The European Union and the future of post-Covid multilateralism

The novel coronavirus pandemic has already sparked much speculation on how the international order as we know it will undergo profound changes, with suggestions that it will forever be divided between what happened BC (before coronavirus) and AC (after coronavirus). If some lament, others cheer and others are not yet willing to accept the end of the liberal international order, yet few would neglect that a return to the past is unlikely. The pandemic has exacerbated pre-existing dynamics from protectionism and nationalism to great power politics and ideological competition. While this definitely means that the health crisis has highlighted the deep flaws of our current multilateral system, it has simultaneously exposed the world’s tremendous need for an international system of collective problem solving, of which, this article argues, the EU should be at the forefront. 

The old is dying and the new cannot be born

The COVID-19 pandemic will further undermine a multilateralism already debilitated by rising nationalist-populism, trade protectionism, the US’ turn away from globalism and developing countries’ frustration with existing international agreements. With the Trump presidency, we are not only witnessing a US no longer willing and able to sustain the international order, but an administration that appears to tangibly despise it. The US’ withdrawal from the Paris Climate agreement and the Iran nuclear deal are clear examples of this. Spotting the leadership gap created by the US, China is creating a number of initiatives, most notably the Belt and Road Initiative, as an alternative to a multilateral order in which its voice and interests are frustrated.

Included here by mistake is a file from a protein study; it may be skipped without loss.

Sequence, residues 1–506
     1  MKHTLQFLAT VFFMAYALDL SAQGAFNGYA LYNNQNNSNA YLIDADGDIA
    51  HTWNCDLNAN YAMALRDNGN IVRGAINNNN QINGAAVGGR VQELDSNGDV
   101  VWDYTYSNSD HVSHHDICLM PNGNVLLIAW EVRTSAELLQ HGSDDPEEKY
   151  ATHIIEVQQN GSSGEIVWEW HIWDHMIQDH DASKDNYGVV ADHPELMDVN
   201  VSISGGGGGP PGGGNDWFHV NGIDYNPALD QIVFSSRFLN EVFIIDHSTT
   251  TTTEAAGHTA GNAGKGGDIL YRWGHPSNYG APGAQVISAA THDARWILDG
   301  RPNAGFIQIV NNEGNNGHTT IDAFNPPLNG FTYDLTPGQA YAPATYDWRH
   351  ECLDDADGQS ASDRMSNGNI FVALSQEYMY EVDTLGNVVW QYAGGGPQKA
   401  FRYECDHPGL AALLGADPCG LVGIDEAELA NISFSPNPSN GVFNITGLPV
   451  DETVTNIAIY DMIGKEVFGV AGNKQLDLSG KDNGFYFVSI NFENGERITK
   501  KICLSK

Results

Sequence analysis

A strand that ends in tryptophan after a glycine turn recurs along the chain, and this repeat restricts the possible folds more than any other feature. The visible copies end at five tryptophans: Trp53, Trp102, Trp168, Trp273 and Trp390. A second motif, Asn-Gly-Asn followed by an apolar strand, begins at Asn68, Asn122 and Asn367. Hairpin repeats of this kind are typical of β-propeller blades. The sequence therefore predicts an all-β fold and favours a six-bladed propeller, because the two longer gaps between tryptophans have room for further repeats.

The pandemic is likely to fuel this skepticism for interdependence and cooperation; the US has decided to withdraw from the World Health Organization and borders have quickly hardened even in the borderless Schengen Area. Above all, it shows how “the world has rediscovered realpolitik”, eclipsing the global necessity to cooperate to overcome a pandemic which can only be dealt with together. Undoubtedly, COVID-19 has revealed the limits of a multilateral global governance architecture that monitors and advises but fails to implement. However, multilateralism can still survive if it transforms. Efforts should be made to reshape a multilateral order that is less normative but more inclusive (with illiberal and liberal values coexisting), less institutionalized but more flexible when it comes to the interaction between state and non-state actors, less stable but hopefully more resilient. 

And who would be better to lead this transformation than the European Union? For the European project, the demise of multilateralism is both conceptually and strategically dangerous. Not only does the European Union constitute “the most radical form of multilateralism”, whose credibility rests upon broader norms of international cooperation, but the EU depends on multilateral institutions to preserve and extend their interests and leverage. Multilateralism’s survival is key for the European Union, and its rescue presents the EU with a unique challenge which, if successful, could further invigorate the European project.